Simpson

Gunkholer boats with a purpose

CorrespondentMay 20, 2010 

Gunkholers are rather common birds found all along the coast. They are most often observed perched in the sterns of anchored boats swinging in some quiet backwater, and they are easily identified by how they prop up their feet and wear dreamy smiles on their sunburned faces. Though seldom heard, their most common call is usually a loud bellowing of "Watch your wake!"

A couple of weeks ago, while Sylvia and I were participating in the wooden boat show sponsored by Beaufort's N.C. Maritime Museum, a grizzled waterman requested permission to come aboard. Soon joined by others, our conversation began with discussion of the attributes of various boats, old and new, among those entered in the boat show. But talk soon turned to a favorite subject - the ancient and honorable art of gunkholing.

"Gunkholing" is a term used by watermen describing the practice of dropping the hook and exploring backwaters. Basically, it is small-boat adventuring, most often exercised while cruising to some distant destination. It's the locating and taking advantage of those places of refuge found in bays, backwaters and creeks - where few but local fishermen ever venture.

Gunkholing does not necessarily consist of a lot of traveling. It's more an escape from the hectic fuss and rush of racing between destinations. Gunkholers prefer to be alone or with others of similar mind.

Gunkholing is an elevated mental attitude not limited to boats. It includes the individuals who prefer to dance to their own tune, possibly comparable to those of us who like to pack a horse up some mountain trail in order to spend the night sleeping beneath the stars. It is sort of like migrant workers or cowhands who find a need to be footloose and fancy free. The background, be it water, mountain, or prairie, is the sense of freedom and self-reliance that is fed by such activities.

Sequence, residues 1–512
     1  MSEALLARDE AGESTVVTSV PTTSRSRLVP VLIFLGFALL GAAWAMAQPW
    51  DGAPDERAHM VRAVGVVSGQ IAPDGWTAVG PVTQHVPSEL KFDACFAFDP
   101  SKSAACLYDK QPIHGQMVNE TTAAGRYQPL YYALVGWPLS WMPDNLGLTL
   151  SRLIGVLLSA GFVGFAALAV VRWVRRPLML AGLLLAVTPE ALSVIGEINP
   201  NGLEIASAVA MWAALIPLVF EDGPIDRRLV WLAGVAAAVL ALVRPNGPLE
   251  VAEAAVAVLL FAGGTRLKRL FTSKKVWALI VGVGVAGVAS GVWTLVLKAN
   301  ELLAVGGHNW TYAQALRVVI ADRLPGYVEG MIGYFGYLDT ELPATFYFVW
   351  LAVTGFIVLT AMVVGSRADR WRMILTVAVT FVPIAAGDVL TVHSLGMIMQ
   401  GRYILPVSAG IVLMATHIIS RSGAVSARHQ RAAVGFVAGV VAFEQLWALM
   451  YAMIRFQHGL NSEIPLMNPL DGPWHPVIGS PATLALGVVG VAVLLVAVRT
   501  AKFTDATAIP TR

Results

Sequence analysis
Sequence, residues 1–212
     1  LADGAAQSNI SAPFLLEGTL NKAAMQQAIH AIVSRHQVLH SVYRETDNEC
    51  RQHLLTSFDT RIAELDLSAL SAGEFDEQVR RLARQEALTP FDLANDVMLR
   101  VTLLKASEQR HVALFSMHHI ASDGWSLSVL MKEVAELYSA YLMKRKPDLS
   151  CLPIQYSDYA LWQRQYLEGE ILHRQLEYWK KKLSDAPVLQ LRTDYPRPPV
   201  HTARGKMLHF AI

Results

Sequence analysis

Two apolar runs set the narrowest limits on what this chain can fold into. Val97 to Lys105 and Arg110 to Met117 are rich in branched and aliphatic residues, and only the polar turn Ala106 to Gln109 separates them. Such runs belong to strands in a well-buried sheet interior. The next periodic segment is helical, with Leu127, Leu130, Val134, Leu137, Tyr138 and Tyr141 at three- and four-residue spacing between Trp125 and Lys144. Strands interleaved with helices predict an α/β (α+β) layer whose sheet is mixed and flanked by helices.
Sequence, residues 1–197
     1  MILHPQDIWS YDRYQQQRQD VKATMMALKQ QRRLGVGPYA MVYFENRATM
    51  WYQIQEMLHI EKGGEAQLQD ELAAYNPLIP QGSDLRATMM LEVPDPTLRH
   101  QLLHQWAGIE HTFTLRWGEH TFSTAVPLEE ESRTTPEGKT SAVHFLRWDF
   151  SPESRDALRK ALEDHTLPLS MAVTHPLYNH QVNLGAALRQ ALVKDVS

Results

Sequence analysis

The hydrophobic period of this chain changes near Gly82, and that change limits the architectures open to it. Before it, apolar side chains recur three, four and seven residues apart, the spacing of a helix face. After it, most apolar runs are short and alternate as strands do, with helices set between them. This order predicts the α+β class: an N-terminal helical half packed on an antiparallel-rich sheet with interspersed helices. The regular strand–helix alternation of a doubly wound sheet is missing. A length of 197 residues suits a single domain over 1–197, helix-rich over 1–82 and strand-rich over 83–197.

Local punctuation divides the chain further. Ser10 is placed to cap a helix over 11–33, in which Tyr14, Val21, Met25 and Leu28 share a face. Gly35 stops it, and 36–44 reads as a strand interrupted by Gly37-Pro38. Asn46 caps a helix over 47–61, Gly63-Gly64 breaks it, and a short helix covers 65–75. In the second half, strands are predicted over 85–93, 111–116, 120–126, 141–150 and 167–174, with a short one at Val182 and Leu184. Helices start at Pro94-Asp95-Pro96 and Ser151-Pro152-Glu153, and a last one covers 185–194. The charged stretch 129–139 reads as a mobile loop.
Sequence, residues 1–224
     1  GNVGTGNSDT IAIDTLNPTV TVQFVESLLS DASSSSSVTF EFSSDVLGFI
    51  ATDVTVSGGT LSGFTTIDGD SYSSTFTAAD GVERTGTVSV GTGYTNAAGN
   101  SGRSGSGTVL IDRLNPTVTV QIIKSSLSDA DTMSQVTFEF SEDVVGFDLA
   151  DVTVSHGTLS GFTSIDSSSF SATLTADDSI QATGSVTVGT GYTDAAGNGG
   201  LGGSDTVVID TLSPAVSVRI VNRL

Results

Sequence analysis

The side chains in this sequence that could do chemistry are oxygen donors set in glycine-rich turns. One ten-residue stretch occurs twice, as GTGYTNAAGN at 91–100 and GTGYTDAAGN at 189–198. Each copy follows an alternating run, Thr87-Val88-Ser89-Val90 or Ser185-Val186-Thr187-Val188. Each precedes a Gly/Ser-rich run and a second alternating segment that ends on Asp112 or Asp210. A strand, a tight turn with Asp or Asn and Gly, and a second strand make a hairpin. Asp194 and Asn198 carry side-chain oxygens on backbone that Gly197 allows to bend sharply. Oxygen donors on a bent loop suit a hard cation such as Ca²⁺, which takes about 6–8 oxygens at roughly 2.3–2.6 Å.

A lot of us see boats, like our cars, as escape capsules, representing our view of life. Some of us are forever feeling the need to satisfy our egos, to prove we are of some significance by having a bigger house, a faster boat or fancier car; we are forever attempting to catch the biggest fish or shoot the biggest deer or turkey.

Those are not gunkholers.

Gunkholers are those who use their vehicles in seeking freedom. They want to feel as if they are standing on their own feet, paddling their own canoes and exploring in unfamiliar waters.

They want to be lulled to sleep by the gentle squeak of an anchor line, the gimbaled lantern swaying in tune with restless waters.

Gunkholing is true boat camping - exploring the world, not to challenge, but to accept. It's discovering how to find peace while swinging at anchor, your feet propped on the rail and wearing a contented smile on your sunburned face.

bobsimpson@embarqmail.com

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